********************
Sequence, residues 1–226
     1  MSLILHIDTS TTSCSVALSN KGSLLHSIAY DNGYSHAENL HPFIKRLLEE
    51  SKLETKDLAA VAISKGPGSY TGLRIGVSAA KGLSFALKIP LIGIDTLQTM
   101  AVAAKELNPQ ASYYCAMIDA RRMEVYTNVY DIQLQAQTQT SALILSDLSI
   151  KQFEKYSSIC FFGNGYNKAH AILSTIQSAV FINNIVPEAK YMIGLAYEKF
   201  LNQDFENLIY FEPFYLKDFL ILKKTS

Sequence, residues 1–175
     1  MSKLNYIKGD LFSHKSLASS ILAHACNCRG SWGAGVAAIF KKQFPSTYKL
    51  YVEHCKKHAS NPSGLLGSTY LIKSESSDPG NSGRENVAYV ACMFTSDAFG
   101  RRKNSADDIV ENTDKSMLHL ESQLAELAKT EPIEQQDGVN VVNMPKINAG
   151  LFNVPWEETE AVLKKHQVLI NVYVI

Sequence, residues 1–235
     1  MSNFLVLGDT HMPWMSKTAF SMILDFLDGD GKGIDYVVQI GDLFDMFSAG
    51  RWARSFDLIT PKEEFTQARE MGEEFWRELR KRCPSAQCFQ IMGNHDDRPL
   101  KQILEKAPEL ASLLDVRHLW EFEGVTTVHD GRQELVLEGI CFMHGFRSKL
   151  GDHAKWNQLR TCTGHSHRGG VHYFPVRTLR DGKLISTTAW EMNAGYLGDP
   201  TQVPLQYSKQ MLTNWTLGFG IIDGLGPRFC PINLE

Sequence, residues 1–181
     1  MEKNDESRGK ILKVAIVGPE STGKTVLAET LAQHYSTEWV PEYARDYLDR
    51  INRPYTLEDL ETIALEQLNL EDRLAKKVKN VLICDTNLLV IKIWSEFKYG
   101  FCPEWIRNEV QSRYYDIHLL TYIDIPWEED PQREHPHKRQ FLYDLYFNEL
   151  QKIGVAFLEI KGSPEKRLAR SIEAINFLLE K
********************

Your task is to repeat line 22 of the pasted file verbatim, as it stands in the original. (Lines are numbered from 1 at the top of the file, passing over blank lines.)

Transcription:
   151  QKIGVAFLEI KGSPEKRLAR SIEAINFLLE K